Sally Ride, 1st American Woman in Space, Gets Forever Stamp - NBC Connecticut
National & International News
The day’s top national and international news

Sally Ride, 1st American Woman in Space, Gets Forever Stamp

The astronaut launched for the first time on June 18, 1983, aboard the space shuttle Challenger

    processing...

    NEWSLETTERS

    Trend Alert: 7 Hot Denim Looks For Back To School
    U.S. Postal Service

    The first American woman to go to space was immortalized on the Forever stamp in a dedication ceremony from the United States Postal Service Wednesday.

    The Sally Ride Forever stamp was dedicated at the University of California, San Diego, where Ride was a physics professor after her time with NASA.

    Tennis legend Billie Jean King, a friend of Ride's, spoke at the ceremony, along with Ride's long-time partner, Tam O’Shaughnessy.

    The celebrated astronaut launched for the first time on June 18, 1983, aboard the space shuttle Challenger. During the mission, she helped launched communication satellites and became the first woman to operate the shuttle's robotic arm.

    Colorado Man Charged With Five Counts of Murder in Deaths of Wife and Daughters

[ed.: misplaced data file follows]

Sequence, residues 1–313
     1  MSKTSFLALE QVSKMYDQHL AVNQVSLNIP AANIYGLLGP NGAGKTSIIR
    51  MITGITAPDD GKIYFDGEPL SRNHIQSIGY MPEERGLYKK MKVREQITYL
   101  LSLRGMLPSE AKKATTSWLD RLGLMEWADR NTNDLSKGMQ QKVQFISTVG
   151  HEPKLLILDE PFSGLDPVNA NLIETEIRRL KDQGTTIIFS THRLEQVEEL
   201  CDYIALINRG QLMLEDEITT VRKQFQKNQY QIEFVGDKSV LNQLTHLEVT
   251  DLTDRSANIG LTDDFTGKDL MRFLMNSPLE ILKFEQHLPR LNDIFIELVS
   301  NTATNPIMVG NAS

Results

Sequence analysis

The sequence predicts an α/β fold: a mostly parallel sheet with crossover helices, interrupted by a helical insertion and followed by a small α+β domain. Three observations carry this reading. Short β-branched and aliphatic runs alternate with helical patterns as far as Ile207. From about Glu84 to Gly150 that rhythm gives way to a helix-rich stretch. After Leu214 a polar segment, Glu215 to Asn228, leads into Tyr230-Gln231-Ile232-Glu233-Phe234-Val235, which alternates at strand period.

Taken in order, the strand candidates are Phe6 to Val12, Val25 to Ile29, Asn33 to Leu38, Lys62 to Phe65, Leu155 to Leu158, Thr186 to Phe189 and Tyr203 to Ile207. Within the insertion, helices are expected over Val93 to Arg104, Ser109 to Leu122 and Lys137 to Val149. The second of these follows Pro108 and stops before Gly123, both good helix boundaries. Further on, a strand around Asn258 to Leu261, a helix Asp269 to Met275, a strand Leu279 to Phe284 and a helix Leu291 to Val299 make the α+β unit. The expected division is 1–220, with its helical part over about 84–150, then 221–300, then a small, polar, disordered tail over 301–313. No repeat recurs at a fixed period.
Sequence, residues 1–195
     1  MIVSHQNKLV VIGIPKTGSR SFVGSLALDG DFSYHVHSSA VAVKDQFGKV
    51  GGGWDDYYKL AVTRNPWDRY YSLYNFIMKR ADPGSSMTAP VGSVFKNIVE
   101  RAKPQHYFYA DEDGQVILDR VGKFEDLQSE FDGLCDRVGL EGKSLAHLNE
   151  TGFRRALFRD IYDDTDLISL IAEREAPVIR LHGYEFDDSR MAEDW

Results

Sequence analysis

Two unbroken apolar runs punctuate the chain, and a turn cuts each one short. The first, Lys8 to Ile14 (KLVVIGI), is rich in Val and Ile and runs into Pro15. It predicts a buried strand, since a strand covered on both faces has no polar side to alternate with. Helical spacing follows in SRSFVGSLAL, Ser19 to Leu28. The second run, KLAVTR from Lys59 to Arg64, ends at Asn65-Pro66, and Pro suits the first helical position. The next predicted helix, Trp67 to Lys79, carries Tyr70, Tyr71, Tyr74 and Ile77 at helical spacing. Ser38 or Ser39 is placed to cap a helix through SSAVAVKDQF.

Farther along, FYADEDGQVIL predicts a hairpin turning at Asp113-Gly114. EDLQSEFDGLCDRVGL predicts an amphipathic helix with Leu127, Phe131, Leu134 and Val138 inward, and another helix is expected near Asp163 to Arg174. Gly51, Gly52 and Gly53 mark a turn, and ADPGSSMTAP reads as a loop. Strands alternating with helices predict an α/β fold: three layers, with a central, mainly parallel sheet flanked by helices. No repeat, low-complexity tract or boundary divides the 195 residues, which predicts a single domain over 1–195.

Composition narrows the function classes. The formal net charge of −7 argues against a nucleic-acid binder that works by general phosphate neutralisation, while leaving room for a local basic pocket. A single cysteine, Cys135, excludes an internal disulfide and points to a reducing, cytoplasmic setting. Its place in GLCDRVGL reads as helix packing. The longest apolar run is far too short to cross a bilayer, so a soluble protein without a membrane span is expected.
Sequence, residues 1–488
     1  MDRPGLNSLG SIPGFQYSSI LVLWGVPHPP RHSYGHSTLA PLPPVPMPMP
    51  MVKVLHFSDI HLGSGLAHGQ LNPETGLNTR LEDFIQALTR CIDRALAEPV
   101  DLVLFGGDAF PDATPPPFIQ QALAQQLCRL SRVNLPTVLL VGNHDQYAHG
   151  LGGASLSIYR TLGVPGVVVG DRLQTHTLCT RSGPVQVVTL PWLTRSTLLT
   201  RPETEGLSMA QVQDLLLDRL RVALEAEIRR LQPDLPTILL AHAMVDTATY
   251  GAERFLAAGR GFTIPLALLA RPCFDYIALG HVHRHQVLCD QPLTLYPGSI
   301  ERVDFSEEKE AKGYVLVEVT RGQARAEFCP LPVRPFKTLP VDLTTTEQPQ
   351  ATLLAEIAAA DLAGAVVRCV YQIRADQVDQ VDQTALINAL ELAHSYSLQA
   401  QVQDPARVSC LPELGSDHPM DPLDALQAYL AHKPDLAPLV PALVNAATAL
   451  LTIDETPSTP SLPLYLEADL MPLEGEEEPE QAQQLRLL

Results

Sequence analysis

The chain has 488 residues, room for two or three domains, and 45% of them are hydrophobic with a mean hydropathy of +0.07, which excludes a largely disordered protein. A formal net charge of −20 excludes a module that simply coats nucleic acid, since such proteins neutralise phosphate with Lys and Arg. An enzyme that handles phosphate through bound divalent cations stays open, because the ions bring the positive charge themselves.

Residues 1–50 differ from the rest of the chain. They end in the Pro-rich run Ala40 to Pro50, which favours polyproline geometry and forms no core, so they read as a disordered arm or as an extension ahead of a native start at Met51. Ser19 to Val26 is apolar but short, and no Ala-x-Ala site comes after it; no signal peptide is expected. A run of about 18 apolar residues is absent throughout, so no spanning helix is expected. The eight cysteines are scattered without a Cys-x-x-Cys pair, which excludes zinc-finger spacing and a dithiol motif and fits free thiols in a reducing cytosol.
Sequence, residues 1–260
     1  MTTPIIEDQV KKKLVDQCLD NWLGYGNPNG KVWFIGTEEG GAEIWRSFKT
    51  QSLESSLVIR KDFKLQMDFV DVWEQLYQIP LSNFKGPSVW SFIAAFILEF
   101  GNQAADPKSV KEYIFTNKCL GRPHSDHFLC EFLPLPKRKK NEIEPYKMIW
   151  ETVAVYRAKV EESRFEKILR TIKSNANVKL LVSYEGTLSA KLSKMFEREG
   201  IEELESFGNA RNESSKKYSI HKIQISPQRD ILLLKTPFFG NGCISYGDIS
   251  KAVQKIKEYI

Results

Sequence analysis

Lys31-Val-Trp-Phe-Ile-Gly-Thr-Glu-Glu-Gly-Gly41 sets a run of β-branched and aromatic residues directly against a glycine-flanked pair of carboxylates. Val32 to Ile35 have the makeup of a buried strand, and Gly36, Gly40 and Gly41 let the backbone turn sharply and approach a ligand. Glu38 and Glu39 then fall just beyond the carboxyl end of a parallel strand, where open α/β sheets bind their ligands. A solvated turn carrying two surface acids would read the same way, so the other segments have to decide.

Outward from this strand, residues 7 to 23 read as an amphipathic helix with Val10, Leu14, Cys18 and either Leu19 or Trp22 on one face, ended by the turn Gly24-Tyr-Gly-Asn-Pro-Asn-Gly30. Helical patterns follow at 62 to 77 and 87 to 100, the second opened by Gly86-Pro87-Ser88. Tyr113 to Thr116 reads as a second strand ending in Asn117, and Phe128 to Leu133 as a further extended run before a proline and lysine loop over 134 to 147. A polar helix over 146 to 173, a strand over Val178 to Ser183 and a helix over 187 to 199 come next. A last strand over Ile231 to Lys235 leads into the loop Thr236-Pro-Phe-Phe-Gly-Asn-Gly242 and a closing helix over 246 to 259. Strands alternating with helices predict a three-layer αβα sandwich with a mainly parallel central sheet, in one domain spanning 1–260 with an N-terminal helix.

[NATL] Colorado Man Charged With Five Counts of Murder in Deaths of Wife and Daughters

    Christopher Lee Watts was charged with five counts of murder Monday for the deaths of his wife Shanann Watts and their two daughters Bella and Celeste. Watts had initially pleaded publicly that his wife and daughters had gone missing. Their bodies were discovered on the property of the oil and natural gas company Watts worked for. The D.A. said that it's "too early" to discuss whether prosecutors would seek the death penalty.

    (Published Monday, Aug. 20, 2018)

    Ride, who died in 2012, continued breaking records during her career. She also became the first American woman to travel to space twice when she launched on another Challenger mission in October 1984.

    “Sally Ride’s history-making journey has made it easier for young girls to dream of one day being an astronaut, an engineer, a physicist or a mathematician," USPS Chief Information Officer and Executive Vice President Kristin Seaver said. "Today, girls don’t just dream. Because of trailblazers like Sally Ride, they have been empowered to do.”

    Ride was also the only person to serve on the accident investigation boards for both the Challenger and Columbia disasters. And in 2009, she participated in the committee that helped define NASA's spaceflight goals.

    In addition to her involvement with the space program, she wrote several science-related books, some co-authored with O’Shaughnessy. Ride and O’Shaughnessy went on to found the education company Sally Ride Science, which aims to narrow the gender gap in science, technology, engineering and math. O’Shaughnessy now serves as the organization's executive director.

    A Forever stamp will always be in equal in value to the current First-Class Mail one-ounce price.